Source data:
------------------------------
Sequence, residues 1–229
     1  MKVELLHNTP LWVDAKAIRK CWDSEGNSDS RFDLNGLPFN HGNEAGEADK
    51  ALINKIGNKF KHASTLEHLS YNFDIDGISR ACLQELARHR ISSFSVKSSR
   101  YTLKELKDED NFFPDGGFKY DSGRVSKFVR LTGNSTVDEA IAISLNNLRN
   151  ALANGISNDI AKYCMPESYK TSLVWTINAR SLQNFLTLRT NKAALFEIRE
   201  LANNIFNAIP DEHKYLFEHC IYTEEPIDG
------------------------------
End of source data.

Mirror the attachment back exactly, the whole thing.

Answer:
Sequence, residues 1–229
     1  MKVELLHNTP LWVDAKAIRK CWDSEGNSDS RFDLNGLPFN HGNEAGEADK
    51  ALINKIGNKF KHASTLEHLS YNFDIDGISR ACLQELARHR ISSFSVKSSR
   101  YTLKELKDED NFFPDGGFKY DSGRVSKFVR LTGNSTVDEA IAISLNNLRN
   151  ALANGISNDI AKYCMPESYK TSLVWTINAR SLQNFLTLRT NKAALFEIRE
   201  LANNIFNAIP DEHKYLFEHC IYTEEPIDG